Tuesday, May 21, 2013

Fishing for a Calling

I don’t know about you, but I always get hung up on Jesus’ call to follow him and be a “fisher of men” (Mark 1:17). I am by no means an evangelistic superstar. I struggle to be out of myself reaching out to strangers and have a hard time raising the topic in the relationships I have. I always seem to be looking for a reason to let someone else do it or rationalize my personal ministry as being in some way different. At the same time I have the underlying conviction that my ministry is where I am- that the Kingdom of God, expressed through living a Christ-like life, loving and serving, and sharing the Gospel, is not limited to formal titles, organizational structure, or calendar events. In other words, we shouldn’t wait for a formal church program to appear on our calendar before we minister to others.

(As an aside, when I was at the Pepperdine Bible Lectures a couple of weeks ago I was talking to a pastor and he asked if I was in ministry. I told him no, but I did lead a small group and he answered “well that’s ministry.” And he’s right, though I often forget that.)

Despite this conviction, I struggle with identifying myself as a “fisherman”. In Jesus’ day the young men that he would eventually call to follow him fished on the Sea of Galilee by casting nets over the side of their boats. Me, I drop a worm in the creek and wait all day for a nibble.

But I read this yesterday from Jamie Arpin-Ricci in his book The Cost of Community: When Jesus called his first followers, he “encounter[ed] them in the midst of their daily work, [calling] them to follow him and employ their skills for God’s kingdom.” (pg 27) He called fishermen to be fishers of men. Of course I knew this and understood the intentional play on words, but I never extrapolated that to my own life. I have always read this as I am called to be a fisher of men regardless of my daily work.

But if I take Jesus as meeting me where I am (and Paul talks about continuing where we are when we are called) then Jesus isn’t calling me to be a fisher of men and he’s not calling you to be one either.

That may be sacrilegious to hear, but it is true. Jesus isn’t calling me to be a fisher of men because I’m not a fisherman. If you are a teacher, Jesus is calling you to be a teacher of the Gospel. If you work with your hands, Jesus is calling you to build his Kingdom. If you are in the service industry, Jesus is calling you to serve his children. (This has shades of what Paul writes in Romans 12, “If you teach… if you serve...”)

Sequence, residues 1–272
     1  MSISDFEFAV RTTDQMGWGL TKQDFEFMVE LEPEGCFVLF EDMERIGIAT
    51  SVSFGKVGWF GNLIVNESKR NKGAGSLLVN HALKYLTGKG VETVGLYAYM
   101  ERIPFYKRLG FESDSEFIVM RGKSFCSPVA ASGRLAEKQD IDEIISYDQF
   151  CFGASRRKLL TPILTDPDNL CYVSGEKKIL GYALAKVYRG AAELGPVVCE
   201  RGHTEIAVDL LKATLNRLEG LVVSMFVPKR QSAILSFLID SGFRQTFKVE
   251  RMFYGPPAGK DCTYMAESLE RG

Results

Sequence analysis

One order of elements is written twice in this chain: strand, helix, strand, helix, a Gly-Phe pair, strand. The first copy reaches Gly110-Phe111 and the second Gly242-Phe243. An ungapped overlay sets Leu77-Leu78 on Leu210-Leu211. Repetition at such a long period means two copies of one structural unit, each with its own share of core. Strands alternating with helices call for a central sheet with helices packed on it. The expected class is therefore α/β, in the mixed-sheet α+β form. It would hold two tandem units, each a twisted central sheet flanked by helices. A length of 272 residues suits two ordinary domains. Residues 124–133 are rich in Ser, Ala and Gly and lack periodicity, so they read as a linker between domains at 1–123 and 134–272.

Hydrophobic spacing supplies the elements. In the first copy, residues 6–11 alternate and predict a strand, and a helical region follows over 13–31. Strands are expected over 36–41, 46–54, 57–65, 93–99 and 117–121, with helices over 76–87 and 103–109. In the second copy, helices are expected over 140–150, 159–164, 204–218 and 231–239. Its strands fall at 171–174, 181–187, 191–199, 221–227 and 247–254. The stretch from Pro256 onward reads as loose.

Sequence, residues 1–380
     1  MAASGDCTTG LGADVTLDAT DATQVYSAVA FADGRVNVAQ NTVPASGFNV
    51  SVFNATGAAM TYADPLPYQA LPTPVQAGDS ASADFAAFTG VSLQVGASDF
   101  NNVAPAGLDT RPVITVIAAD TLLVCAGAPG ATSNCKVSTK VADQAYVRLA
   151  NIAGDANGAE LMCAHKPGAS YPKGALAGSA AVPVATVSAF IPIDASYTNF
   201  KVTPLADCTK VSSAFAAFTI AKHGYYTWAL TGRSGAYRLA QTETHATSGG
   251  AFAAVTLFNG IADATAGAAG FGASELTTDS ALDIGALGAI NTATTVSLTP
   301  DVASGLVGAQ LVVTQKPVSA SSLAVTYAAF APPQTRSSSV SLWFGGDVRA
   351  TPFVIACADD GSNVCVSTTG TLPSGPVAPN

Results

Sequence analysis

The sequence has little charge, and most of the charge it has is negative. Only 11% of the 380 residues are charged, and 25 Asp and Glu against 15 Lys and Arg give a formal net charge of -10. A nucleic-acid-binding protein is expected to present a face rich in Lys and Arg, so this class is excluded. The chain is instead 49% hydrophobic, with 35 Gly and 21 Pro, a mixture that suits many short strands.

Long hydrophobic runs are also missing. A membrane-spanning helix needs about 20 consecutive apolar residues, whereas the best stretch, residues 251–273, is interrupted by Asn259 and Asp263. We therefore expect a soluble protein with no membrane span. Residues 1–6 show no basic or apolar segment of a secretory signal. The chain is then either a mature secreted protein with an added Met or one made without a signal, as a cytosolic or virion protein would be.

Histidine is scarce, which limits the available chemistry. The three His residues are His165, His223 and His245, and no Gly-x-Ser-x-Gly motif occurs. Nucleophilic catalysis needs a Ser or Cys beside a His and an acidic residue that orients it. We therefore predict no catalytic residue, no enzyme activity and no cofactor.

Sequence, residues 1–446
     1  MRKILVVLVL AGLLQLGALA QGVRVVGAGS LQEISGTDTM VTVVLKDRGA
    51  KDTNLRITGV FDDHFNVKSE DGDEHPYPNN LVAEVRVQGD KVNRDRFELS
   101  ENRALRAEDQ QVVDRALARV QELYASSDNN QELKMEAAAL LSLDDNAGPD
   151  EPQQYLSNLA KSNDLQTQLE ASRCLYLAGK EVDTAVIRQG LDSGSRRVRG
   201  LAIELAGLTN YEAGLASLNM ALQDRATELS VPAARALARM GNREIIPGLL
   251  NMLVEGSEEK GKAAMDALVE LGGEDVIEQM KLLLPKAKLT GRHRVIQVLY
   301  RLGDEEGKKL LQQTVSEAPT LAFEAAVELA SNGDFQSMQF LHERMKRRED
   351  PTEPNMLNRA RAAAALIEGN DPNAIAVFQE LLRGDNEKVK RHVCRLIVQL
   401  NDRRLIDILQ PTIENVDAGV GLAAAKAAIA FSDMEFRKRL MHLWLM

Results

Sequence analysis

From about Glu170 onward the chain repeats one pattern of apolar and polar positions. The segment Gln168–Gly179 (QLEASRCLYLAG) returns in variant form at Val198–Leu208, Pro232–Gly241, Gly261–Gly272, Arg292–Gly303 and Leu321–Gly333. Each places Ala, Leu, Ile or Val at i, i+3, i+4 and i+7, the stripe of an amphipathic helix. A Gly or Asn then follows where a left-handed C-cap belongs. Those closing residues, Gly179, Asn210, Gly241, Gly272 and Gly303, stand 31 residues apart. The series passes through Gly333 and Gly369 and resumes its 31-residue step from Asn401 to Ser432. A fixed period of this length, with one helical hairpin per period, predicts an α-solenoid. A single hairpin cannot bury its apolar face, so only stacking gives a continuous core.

Jesus is calling you to a metaphor for his Kingdom work that is specific to you.

So where does that leave me? I’m an engineer by trade so am I engineering God's Kingdom? I cannot say I am a ‘designer’ as I cannot improve God's perfect design. I can’t say I am a ‘problem solver’ for it is too easy to turn that into an excuse for inaction. I guess I could call myself a 'developer of disciples'. That would fit with what I do on this blog, in my small group, and in my limited free time.

Arpin-Ricci continues, “Just as he called his disciples amid their workplaces, so too he expects that we respond to his calling as our first priority. It is not enough to merely make room for Jesus in our lives, not enough to be volunteers in his mission when we have the time or the inclination. Rather he calls us to follow him, to utilize all of our strengths, gifts and resources for our truest vocation – ambassadors of his emerging kingdom.”

Yesterday Grayson Pope urged not to let our "wiring" keep us from our calling. Could it be that what has been holding me back was simply semantics?


K. Rex Butts said...

When we learn how to think vocationally about the kingdom of God in our own vocations and life, we'll be "fishers of men" more so then we'll ever be by door-knocking or some church evangelistic strategy.

TheTwelve said...

O.K. I like that.

Fatha Frank said...

Rex, you've got that right. This also relates to the "radical" debate- you don't need to quit your job and move to a third-world country to be "missional" so long as you view where you are as your own personal mission field.

Alexander, thanks for visiting and I'm glad you like the post! Come back anytime